Frac Sand Insider Conference Draws Attendees; Protestors

Rock Products held its third Frac Sand Insider conference May 10-11 at the La Crosse Center in La Crosse, Wis. Almost 300 people attended the event, which was highlighted by an educational program, expo and social events.

“This edition of Frac Sand Insider topped the two we held in Pittsburgh both in exhibit size and number of attendees,” said Tim Fearney, show manager. “Bringing the show to the heart of the frac sand industry gave local producers the opportunity to gain some education and perspective, and to network with their peers.”

The opening keynote address was by Joel Schneyer, managing director of Headwaters MB, Denver. His Frac Sand Outlook and Perspective session was delivered to a packed room where he opined on the current state of the frac sand market, oil prices and the future of an industry looking to bounce back.

Jay Zambito, a geologist with the Wisconsin Geological and Natural History Survey, spoke on current research in the area of frac sand and related natural resources in Wisconsin.

Another session of note was Economic Impacts of Industrial Frac Sand Mining by Issac Orr, research fellow from The Heartland Institute. His discussion of public perceptions of frac sand mining versus the factual evidence resulted in a number of questions and comments.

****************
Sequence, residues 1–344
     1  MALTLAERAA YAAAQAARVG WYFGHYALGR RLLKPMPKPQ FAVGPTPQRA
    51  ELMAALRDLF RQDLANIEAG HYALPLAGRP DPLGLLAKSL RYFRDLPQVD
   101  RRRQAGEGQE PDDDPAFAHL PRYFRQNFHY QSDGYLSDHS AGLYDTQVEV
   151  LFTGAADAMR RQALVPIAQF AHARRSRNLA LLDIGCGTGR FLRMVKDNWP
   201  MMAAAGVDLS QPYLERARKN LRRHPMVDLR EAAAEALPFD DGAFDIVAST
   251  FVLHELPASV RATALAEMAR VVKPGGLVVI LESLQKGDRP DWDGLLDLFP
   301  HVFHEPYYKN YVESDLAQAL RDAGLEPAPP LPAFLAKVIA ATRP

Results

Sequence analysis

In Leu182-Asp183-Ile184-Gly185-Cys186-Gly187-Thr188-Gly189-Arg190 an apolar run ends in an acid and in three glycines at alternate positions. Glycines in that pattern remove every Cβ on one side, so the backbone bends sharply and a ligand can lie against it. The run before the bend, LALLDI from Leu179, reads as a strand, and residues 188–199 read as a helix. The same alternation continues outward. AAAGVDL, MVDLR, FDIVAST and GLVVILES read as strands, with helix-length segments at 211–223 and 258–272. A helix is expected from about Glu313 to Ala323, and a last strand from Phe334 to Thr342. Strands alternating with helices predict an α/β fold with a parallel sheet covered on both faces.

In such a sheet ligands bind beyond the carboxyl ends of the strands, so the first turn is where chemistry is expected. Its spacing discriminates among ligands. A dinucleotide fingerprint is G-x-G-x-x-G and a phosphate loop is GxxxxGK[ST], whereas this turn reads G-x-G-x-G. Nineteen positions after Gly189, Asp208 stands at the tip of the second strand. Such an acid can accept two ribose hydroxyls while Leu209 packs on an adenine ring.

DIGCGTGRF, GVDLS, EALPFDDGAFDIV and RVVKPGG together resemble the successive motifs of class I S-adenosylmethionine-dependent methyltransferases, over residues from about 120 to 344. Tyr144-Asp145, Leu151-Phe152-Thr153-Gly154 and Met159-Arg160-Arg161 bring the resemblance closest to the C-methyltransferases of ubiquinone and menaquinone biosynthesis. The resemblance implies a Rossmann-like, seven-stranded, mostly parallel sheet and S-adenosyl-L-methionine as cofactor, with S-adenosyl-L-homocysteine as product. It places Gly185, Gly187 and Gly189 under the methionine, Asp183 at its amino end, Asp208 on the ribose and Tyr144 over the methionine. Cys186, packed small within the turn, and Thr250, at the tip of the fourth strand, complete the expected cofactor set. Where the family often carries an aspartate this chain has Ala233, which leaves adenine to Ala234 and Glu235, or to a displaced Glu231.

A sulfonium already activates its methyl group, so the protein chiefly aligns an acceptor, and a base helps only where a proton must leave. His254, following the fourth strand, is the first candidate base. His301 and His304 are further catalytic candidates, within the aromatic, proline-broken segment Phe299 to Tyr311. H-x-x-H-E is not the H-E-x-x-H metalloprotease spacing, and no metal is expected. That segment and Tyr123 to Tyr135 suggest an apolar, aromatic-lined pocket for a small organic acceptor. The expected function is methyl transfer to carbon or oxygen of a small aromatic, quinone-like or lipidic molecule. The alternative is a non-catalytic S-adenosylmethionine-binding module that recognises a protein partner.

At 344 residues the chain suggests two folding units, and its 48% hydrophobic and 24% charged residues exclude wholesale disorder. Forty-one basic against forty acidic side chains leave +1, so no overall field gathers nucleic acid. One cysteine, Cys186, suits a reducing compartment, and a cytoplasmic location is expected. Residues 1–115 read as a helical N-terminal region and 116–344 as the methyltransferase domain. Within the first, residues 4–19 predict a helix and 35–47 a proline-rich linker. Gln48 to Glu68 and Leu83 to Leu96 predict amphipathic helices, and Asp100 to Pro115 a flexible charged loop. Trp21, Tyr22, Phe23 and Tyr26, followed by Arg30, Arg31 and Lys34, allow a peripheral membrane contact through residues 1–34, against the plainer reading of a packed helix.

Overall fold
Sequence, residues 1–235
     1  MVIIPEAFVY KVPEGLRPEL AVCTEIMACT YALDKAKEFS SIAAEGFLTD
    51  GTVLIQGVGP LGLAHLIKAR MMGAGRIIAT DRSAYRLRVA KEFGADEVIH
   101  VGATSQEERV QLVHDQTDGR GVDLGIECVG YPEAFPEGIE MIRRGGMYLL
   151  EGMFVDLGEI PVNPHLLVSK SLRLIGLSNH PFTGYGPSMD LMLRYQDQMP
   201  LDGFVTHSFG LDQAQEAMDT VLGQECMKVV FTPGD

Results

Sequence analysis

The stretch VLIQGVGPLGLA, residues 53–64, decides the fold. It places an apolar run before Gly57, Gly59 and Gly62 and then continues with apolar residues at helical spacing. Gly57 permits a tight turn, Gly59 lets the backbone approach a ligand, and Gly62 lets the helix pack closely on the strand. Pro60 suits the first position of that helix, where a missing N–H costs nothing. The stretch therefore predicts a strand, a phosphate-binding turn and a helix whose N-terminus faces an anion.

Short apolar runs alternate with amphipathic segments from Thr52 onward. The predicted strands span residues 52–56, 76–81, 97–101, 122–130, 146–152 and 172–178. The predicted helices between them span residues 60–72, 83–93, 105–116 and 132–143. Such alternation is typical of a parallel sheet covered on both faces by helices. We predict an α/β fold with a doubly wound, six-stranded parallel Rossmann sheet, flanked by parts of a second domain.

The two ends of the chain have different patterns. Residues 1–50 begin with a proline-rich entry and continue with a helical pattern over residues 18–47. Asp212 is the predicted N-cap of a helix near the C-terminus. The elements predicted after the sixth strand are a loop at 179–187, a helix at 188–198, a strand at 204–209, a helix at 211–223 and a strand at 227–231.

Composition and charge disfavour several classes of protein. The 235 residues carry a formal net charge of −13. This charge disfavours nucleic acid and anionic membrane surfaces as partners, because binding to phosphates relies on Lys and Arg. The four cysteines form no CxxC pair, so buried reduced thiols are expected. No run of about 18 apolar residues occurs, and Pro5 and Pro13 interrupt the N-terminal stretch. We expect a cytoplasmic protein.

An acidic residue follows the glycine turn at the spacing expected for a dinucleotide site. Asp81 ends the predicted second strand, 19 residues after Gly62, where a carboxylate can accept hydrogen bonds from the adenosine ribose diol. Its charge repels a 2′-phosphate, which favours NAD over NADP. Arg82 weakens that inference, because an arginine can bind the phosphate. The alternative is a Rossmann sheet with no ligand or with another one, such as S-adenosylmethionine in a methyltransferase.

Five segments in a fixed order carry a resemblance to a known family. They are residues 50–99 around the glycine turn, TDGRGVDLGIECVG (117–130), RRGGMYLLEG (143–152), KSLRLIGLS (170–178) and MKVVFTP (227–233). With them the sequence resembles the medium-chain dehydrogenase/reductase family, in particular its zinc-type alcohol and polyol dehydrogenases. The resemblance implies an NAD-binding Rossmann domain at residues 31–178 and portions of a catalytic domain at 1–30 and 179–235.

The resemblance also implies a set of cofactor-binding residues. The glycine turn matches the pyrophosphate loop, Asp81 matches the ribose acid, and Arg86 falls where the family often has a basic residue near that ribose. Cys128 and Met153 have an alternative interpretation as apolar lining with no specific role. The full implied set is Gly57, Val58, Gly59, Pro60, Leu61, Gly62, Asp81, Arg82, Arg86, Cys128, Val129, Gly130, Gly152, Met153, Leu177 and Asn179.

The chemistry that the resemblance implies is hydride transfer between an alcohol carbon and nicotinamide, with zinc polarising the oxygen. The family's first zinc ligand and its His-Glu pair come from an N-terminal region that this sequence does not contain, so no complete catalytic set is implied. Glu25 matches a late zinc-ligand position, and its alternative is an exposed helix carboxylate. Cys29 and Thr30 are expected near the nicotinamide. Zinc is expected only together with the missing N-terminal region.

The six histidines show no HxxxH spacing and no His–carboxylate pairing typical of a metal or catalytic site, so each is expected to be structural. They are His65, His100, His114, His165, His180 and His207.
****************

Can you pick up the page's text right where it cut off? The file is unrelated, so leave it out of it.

The closing session, a frac sand producers panel discussion with members of the Wisconsin Industrial Sand Association – moderated by Rock Products Editor Mark Kuhar – focused on issues impacting frac sand producers both in the plant and in the halls of congress.

Other session included:

  • How to Open a Frac Sand Mine by consultant Keith Rauch.
  • Frac Sand Production Techniques by Matt Lear, McLanahan Corp.
  • Conveyor Improvements to Control Silica Dust by Jera Heitzler, Martin Engineering.
  • Water and Fines management by Patrick Rockwell, McLanahan Corp.

The event was not without controversy, as more than 50 anti-sand-mining activists showed up outside the convention center to call for an end to frac sand mining in the area. Several had to be forced to leave the lobby of the convention center as they tried to gain access to show participants.

Local television and news media were on hand to cover the show and protest rally, as well as Wisconsin Public Radio.

“All in all it was a very successful show,” said Kuhar. “The educational sessions were of a very high quality and attendees commented positively about how much they learned. The fact that anti-sand-mining activists showed up at the event only underscores the need for sand producers to continue to engage the communities in which they are located and to communicate even more effectively that they operate in an environmentally responsible and safe manner.”


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